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Local News

Illinois Farm Bureau hosts Solar Farm informational meeting

Laura Harmon, Illinois Farm Bureau senior counsel, tells farmers gathered Monday evening in Dwight what to look out for on contracts being sent out by proposed solar farms.
Laura Harmon, Illinois Farm Bureau senior counsel, tells farmers gathered Monday evening in Dwight what to look out for on contracts being sent out by proposed solar farms.

DWIGHT – “Be careful what you sign” was the message at an informational meeting Monday night and hosted by Grundy County and Livingston County Farm Bureaus in Dwight.

Laura Harmon, senior counsel at the Illinois Farm Bureau, spoke with area farmers who have been contacted by Cypress Creek Renewables LLC, a California-based solar company that is offering Illinois farmers cash in exchange for potential long-term use of their land.

“This [the contract presented] is all negotiable,” Harmon said. “Don’t grant ridiculously broad easements.”

More than 70 landowners from six counties – including Grundy, Livingston, LaSalle, McHenry, Kankakee and Kane – were present.

Grundy County farmers Steve Kodat said the most important thing he took away from the meeting is to contact a lawyer before signing anything because the contracts are fairly one-sided.

“I was listening to the chatter of a few farmers who had spoken with the company and heard they are not willing to negotiate,” Kodat said.

Kodat received a contract from Cypress Creek Renewables LLC and said he can understand why some farmers may feel a steady income option would work for them, but that after hearing Harmon speak, there are more questions to be considered.

Harmon covered several paragraphs in the agreement and pointed out where she felt there were issues.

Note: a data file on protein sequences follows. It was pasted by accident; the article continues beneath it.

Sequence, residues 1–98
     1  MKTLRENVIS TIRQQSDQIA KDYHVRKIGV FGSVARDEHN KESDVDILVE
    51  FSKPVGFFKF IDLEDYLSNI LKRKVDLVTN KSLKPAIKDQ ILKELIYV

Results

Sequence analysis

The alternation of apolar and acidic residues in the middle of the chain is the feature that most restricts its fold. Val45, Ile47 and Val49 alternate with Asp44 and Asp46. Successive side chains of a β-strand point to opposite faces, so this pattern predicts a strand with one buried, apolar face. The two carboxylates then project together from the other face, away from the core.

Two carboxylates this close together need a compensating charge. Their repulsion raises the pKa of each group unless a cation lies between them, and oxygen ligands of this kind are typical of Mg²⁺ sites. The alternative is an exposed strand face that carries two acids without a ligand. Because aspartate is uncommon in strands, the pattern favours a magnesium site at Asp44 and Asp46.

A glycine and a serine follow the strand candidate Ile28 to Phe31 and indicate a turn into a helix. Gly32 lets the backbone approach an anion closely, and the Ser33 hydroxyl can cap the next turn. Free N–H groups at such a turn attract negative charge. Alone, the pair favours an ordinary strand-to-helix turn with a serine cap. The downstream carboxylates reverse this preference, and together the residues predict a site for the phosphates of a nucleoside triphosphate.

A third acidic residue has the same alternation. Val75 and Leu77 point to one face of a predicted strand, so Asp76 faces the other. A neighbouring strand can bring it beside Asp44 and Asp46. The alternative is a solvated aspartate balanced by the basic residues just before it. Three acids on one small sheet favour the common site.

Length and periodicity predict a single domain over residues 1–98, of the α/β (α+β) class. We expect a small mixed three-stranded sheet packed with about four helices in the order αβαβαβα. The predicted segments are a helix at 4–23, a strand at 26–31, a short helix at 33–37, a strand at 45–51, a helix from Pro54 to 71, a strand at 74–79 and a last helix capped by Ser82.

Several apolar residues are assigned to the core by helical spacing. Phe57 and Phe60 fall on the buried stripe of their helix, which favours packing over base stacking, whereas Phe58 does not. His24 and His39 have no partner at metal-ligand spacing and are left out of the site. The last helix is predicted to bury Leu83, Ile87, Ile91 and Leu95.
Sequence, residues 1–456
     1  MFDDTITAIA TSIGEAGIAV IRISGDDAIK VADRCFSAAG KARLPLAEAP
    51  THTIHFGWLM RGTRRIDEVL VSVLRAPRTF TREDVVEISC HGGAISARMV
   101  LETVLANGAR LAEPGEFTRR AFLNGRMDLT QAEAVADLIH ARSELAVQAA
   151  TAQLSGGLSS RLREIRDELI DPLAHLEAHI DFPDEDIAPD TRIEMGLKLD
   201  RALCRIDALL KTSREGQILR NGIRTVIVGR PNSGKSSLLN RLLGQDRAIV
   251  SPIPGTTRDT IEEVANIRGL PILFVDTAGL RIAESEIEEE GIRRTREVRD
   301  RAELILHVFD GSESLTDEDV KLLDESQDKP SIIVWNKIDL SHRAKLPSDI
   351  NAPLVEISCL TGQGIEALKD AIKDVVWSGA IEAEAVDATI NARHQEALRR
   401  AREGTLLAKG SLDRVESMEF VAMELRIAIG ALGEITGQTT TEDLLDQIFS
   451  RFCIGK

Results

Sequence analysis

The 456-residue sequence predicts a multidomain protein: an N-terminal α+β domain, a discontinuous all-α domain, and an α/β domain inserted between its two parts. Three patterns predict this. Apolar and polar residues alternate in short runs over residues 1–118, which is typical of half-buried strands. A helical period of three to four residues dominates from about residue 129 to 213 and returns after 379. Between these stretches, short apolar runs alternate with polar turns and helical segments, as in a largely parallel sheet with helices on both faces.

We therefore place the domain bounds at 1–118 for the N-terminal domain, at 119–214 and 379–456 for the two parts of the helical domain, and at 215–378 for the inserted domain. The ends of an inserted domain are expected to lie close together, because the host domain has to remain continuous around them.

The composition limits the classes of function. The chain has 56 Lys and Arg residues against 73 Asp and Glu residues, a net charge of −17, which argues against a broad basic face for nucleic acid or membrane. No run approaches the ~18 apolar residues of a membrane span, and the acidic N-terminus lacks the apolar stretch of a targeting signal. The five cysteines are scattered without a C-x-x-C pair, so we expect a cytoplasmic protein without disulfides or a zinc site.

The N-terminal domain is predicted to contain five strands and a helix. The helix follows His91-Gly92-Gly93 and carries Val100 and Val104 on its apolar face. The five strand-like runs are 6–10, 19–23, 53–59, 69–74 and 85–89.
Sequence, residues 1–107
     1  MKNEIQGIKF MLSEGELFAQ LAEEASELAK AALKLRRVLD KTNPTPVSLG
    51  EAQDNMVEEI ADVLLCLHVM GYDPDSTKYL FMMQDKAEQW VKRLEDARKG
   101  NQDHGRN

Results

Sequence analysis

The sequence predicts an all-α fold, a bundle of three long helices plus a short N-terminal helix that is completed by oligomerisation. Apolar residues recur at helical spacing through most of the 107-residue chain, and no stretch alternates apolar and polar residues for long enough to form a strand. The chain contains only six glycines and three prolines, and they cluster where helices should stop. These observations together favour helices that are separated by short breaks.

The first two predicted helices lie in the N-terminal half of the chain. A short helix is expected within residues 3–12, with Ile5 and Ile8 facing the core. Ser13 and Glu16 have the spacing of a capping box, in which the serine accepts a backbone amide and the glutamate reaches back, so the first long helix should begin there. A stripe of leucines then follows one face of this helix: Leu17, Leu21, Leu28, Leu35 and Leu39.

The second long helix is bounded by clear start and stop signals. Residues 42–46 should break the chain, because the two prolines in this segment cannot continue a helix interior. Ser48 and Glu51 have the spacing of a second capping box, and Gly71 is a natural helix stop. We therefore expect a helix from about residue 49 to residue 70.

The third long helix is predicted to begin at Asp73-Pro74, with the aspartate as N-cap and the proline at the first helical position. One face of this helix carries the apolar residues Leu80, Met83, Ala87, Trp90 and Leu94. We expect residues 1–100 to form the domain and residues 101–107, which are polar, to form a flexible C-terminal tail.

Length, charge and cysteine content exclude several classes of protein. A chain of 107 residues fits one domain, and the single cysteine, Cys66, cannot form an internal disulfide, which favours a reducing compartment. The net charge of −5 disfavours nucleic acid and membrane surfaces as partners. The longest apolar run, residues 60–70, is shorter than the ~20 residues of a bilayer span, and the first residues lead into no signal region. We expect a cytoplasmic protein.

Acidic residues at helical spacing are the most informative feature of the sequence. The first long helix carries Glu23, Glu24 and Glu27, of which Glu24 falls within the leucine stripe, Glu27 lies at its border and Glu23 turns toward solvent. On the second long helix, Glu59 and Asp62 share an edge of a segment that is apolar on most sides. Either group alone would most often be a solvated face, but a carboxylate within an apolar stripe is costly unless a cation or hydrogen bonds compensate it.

One issue she said is with the provision that states the farmer won’t interfere or obstruct the sun from reaching the solar panels.

She questioned whether dust or aerial application of chemicals, which are common on area farms, would be considered interfering with the sunlight.

“If they decide your home is blocking light, you have to take it down,” she said. “There is no compensation for that written into the agreement.”

She said another issue with the agreement is that it gives consent, not only to the property in question, but also to all adjacent property owned by the farmer or “in the vicinity.” She questioned what “vicinity” means. Feet? Miles?

She said farmers also need to avoid granting perpetual easements or leases, stating that things now are different from how they were five years ago, and in five years they will be different again.

“Terms can be so one-sided the company may unilaterally extend the time period. You need to make sure there is an end date,” Harmon said. “Avoid automatic renewal.”

Kodat said he felt Harmon’s information was valuable to landowners considering signing a lease.

Cypress Creek Renewables LLC formed in 2014 and describes itself as “the largest and fastest-growing dedicated provider of local solar farms.” The company has raised more than $1 billion, according to its website.

In December, Congress passed a five-year extension of the tax credit for solar and wind projects. The extension allows a tax credit of 30 percent of the value of solar projects.

Emails sent Tuesday to Cypress Creek Renewables LLC were not immediately returned.

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